Petal Bells

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The "petal" or "horse shoe" bell is the classic cast-brass horse bell. U.S. manufacturers called them "rim" or "round" bells in the late 1800s, but these names are no longer in current use. They are known in Britain as "rumbler" bells.

The petal bell has been made by American and British craftsmen for at least 400 years (1) and is found on all types of bell straps. In North America, petal bells vary in size from a tiny 3/4 inch in diameter to a massive 4 inches. Some British rumblers are even larger.

The petal bell is easily distinguished from all other horse bells by its ring of daisy-like petals or horseshoes circling the top, divided evenly by a single throat (slit) that has rounded ends. A typical bell has a total of 4 to 8 petals, although some older bells have as many as 12. The number of petals depends on the size of the bell and the maker's whim.

Every petal bell also has some type of ridge running around its middle and two or four holes cast into the lower half of the bell. Most petal bells have a shank base and were attached to a strap with a separate metal bell pin. Some petal bells made after about 1860 did not have a shank. Instead, these bells have a hole drilled through the bottom. They were attached to their strap with rivets or machine screws. More about shank- and rivet-style bells...

All bells shown below were made in the late 1800s or early 1900s unless otherwise noted.

The classic style of petal bells has a double line bordering each petal. This doubled line looks a bit like a horse shoe, so some people call these "horse shoe bells." The number of petals per bell and the spacing between petals varies from maker to maker. The petals may be close enough to touch each or they may be separate.

Left: Bell with 6 petals separated by wide gaps. 1 3/4 inch diameter. The center is marked with the size "6".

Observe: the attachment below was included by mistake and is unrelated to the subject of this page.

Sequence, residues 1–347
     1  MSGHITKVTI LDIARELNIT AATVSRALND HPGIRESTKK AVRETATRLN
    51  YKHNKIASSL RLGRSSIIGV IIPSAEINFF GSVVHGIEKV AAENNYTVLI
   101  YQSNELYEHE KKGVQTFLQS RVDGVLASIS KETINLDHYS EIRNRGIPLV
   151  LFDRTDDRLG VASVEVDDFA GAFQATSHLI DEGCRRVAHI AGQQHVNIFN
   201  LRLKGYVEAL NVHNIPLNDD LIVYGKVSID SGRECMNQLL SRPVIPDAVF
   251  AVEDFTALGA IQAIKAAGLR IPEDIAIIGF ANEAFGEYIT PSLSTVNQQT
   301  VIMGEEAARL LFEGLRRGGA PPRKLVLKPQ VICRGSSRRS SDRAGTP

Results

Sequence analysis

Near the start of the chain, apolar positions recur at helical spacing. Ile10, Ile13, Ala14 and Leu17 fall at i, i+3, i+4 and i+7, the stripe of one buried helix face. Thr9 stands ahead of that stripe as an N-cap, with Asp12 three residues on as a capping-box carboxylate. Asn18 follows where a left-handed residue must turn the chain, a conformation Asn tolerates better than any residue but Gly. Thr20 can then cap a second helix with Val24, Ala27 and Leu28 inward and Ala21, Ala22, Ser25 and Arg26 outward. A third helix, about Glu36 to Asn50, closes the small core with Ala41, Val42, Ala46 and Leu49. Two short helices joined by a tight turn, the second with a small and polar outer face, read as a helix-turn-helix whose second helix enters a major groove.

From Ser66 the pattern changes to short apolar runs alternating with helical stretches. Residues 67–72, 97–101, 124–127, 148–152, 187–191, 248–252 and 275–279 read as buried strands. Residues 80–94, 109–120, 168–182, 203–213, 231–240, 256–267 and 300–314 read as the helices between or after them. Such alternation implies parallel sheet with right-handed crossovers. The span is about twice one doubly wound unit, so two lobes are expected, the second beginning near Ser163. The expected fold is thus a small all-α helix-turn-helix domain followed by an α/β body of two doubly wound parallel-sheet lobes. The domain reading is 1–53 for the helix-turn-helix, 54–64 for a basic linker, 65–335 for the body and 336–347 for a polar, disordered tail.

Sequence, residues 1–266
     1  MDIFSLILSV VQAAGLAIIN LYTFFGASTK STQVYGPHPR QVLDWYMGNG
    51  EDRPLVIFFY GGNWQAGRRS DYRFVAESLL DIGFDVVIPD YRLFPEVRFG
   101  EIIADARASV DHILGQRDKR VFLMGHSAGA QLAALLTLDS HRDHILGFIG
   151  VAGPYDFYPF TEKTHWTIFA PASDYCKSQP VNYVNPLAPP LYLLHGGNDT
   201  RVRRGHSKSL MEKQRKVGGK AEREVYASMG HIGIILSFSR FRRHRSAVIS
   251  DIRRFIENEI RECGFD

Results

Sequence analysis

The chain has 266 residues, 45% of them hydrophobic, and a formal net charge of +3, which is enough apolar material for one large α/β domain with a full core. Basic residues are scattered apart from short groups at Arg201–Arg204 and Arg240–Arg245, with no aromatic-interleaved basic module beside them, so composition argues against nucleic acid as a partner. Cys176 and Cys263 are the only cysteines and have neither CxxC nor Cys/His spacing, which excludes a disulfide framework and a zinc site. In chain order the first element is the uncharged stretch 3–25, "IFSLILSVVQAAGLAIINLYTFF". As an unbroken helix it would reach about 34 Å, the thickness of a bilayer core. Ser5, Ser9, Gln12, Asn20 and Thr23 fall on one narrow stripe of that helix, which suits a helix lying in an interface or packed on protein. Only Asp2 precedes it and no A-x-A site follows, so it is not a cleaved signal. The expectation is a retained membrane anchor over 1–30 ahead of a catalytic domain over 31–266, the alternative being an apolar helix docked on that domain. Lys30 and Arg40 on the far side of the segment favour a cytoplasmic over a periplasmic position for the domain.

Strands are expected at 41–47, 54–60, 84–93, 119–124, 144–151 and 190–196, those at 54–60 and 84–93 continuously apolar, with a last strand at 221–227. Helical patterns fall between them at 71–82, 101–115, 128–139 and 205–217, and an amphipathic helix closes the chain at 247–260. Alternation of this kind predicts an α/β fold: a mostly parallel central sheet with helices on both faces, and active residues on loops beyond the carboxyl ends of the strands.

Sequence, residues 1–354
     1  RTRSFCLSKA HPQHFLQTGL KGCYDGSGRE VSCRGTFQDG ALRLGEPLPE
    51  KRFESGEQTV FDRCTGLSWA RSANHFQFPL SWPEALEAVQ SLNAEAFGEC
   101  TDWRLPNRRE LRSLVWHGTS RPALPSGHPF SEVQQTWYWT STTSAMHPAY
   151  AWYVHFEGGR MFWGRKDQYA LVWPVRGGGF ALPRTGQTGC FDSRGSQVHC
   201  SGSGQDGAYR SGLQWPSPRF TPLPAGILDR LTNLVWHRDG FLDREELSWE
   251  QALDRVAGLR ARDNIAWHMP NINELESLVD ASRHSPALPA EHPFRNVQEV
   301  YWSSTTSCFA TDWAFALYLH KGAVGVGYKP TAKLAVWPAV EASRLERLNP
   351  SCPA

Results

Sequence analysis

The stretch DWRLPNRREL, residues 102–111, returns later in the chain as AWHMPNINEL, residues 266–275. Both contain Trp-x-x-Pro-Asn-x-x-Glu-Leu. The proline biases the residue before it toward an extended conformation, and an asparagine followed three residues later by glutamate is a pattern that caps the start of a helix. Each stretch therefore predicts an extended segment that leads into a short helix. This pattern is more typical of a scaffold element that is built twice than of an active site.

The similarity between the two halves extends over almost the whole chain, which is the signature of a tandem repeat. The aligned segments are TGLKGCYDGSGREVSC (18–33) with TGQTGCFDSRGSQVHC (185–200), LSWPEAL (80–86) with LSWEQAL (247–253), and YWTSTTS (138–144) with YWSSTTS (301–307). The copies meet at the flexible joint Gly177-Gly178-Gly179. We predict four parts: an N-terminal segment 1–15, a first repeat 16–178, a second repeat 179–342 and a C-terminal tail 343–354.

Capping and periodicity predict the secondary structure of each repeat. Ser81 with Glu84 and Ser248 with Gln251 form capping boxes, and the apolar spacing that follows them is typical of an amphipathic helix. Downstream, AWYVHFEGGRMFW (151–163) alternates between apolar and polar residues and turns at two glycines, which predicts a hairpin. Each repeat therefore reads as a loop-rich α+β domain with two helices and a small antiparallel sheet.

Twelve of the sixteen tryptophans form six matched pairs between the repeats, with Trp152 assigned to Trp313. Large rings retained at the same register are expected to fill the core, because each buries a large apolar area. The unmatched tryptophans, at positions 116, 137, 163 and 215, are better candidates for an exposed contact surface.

Middle: 2 inch diameter bell with 6 petals that touch. The center is marked with the size "8".
Right: Bell with 8 petals separated by a small gap. The center is marked with "No" (number) and the size "10". 2 1/4 inch diameter.

 

Even though the doubled petal style is very common, it is not the only style made. Some variations have petals outlined with a single line, like a flower petal drawn by a child. Sometimes a small dot, slash, star, diamond, or oval decorates the center of each petal.

Left: Bell with a total of ten dagger-shaped petals. 1 1/4 inch diameter.
Middle: Bell with "O" shapes in the petals. 1 1/4 inch diameter.
Right: Bell with sharply pointed daisy-like petals. A nearly illegible letter "B" is lying sideways between the upper pair of small circles.

 

 

The center of the "daisy" is usually defined by one or two center circles. There may be tiny dots or dashes ornamenting the two circles. The center is blank on many bells. Other bells are marked with a number indicating the size of the bell. Sometimes the size number is accompanied by the abbreviation "No." (for "Number".) In a few cases, the center may contain a maker's mark -- a symbol, initials, or words indicating who made the bell.

Left: Bell made by William Barton with eight petals that do not touch. Bell is marked with "B" and "W". 1 3/8 inch diameter. Early 1800s.
Middle: Bell made by William's son Hubbard or Hiram Barton. Marked with "H" and "B". 1 3/8 inch diameter. Early 1800s.
Right: Bell made by grandson William E. Barton with six petals that touch. Marked with a ru
nning horse logo and "W.E.B". 1 3/8 inch diameter.

 

Left: Bell with maker's mark "G. A. & W." made by Goff, Abell & Williams. 8 separated petals. 2 inch diameter. Early 1800s.
Middle: Bell with maker's mark "H. S. & Co ." 8 separated petals. Maker name is unknown. Early 1800s.
Right: Well-used bell with "W H" maker's mark and 8 petals that touch. 1 3/4 inch diameter. Maker unknown -- possibly Warren and Hiram Veazey? 
Early 1800s.

References

(1) Terry Keegan, Douglas Hughes, Claude A. Brock, Ran Hawthorne. Horse Bells. National Horse Brass Society, Surrey, England. 2nd ed. 1988